Ghana Snubs South Africa’s Accusation of Match-Fixing During World Cup Qualifier

A World Cup qualifier between Ghana and South Africa has become the subject of criticism after reports surfaced that there may have been match-fixing involved. The Ghana Football Association (GFA) has issued a stern rebuke to those accusations and argued that there was no foul play in the game.

The allegations come from South Africa’s corner which claims that the GFA has made untrue claims regarding the integrity of a qualifier game which ended up with a contentious ruling by the referee, which cost Ghana its spot in the World Cup in 2022.

The GFA has responded by arguing that there was no evidence in the claims levied at its soccer team and that this should result in punitive action by FIFA, the game’s governing body worldwide.

The South African Football Association (SAFA) is not relenting, though, having reached out to FIFA and requested a disciplinary committee that could probe the matter further and establish whether there was match-fixing in the game.

Stakes Are High in Qualifier Game

The conflict is not borne out of mere animosity between the two countries. Rather, both teams were seeking to qualify for the Qatar 2022 World Cup which is almost here. South Africa’s team needed to avoid defeat and Ghana needed a single point victory to get enough points to qualify itself.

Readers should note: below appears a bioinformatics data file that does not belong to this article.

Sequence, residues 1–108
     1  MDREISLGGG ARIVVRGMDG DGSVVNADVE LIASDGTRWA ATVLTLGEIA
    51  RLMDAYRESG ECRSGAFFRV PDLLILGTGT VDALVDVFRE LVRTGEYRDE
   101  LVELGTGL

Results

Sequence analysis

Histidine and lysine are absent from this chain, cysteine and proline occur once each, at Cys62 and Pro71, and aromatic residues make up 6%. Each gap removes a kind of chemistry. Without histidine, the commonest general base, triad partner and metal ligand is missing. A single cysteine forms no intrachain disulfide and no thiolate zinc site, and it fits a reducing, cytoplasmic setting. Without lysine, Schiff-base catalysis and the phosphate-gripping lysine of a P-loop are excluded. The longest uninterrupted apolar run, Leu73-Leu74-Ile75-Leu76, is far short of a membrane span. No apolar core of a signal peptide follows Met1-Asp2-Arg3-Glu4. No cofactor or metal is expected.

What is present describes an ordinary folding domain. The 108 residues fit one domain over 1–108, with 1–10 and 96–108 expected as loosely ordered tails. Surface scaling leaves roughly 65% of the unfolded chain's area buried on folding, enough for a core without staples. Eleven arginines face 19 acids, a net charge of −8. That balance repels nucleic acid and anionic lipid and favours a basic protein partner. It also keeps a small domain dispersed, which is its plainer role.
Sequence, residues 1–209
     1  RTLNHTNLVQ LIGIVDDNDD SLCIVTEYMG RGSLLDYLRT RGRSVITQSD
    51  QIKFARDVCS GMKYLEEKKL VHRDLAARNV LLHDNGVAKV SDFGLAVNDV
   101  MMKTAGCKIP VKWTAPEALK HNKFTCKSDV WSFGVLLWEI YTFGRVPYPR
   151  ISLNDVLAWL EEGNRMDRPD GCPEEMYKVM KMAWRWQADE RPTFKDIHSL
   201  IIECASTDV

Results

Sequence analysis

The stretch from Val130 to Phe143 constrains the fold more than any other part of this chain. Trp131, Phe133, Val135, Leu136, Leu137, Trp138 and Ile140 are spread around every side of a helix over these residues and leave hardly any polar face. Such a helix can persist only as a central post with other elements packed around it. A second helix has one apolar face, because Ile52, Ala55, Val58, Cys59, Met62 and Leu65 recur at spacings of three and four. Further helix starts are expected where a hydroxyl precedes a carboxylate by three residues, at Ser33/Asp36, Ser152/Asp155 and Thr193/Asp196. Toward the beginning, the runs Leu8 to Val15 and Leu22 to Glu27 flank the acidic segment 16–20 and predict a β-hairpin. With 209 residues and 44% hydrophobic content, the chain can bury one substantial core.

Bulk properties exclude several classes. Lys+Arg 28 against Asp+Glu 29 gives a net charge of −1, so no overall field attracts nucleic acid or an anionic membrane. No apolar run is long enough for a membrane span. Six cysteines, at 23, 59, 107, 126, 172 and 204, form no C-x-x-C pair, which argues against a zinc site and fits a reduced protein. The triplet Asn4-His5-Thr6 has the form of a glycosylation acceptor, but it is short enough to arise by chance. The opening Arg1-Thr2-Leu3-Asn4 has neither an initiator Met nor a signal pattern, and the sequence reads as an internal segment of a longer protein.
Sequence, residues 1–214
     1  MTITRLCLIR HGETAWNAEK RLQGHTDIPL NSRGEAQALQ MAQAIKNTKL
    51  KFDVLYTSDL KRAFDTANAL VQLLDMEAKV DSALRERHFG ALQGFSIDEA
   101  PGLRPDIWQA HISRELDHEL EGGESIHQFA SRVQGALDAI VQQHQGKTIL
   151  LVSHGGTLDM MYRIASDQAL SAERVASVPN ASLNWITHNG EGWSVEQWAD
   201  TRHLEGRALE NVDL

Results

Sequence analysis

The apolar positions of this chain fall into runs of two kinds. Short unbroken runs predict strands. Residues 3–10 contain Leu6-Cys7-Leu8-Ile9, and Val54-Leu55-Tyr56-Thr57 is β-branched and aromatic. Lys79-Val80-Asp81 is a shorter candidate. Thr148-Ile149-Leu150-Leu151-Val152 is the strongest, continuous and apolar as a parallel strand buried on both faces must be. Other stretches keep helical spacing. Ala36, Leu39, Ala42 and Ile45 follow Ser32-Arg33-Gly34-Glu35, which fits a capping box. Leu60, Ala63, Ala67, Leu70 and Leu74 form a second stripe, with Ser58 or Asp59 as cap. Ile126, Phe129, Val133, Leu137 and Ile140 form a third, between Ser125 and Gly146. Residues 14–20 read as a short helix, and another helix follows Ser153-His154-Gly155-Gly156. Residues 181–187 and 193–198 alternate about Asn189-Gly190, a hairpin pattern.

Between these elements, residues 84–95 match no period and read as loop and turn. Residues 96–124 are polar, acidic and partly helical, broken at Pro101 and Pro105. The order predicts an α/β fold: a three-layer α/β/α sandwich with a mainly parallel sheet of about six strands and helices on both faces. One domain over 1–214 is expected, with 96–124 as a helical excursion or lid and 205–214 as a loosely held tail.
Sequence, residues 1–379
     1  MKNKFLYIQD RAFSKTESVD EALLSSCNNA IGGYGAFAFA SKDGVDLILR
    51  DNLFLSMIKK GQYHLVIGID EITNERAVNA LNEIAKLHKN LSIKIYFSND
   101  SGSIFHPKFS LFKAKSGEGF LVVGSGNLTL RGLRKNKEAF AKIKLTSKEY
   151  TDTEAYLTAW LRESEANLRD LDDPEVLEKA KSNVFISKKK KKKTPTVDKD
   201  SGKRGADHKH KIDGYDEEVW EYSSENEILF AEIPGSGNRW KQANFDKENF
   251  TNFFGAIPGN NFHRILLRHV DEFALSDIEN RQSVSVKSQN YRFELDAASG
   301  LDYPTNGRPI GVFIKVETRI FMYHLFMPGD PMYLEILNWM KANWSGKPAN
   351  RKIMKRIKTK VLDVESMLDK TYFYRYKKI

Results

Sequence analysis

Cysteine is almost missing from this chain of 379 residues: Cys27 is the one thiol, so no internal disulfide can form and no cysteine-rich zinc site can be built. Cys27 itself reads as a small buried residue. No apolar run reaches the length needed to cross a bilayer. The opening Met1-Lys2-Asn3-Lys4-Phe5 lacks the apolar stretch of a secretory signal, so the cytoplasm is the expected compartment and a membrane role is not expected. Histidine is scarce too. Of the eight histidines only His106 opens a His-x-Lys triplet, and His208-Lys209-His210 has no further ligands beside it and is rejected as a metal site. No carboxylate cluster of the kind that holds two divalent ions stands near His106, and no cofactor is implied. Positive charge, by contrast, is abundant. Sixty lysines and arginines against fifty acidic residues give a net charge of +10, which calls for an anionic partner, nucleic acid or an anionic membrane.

Evidently, both teams were playing to the best of their ability until the 32nd minute of the game when Ghana midfielder collapsed in the box after a brief contact with Rushine de Reuck, a South African defender. Ghana was awarded a penalty shot which it realized, prompting indignation in South Africa’s corner.

The game finished one-nil for Ghana which effectively dashed South Africa’s hopes of a qualifier and took Ghana to the Worlds.

Evidence of Match-Fixing?

While the situation is highly contentious, the truth is soccer often takes a turn for the worst. Referees may fail to identify a situation and without VAR technology present in each game, some decisions could end up on the wrong side given the facts.

Both South Africa and Ghana have a history with match-fixing, but the Senegalese referee ruling in the game, one Maguette N’Diaye seems to be clear of fault insofar as previous dubious cases transpired under his supervision. Whether this case constitutes “match-fixing” may be a decision best left with FIFA.

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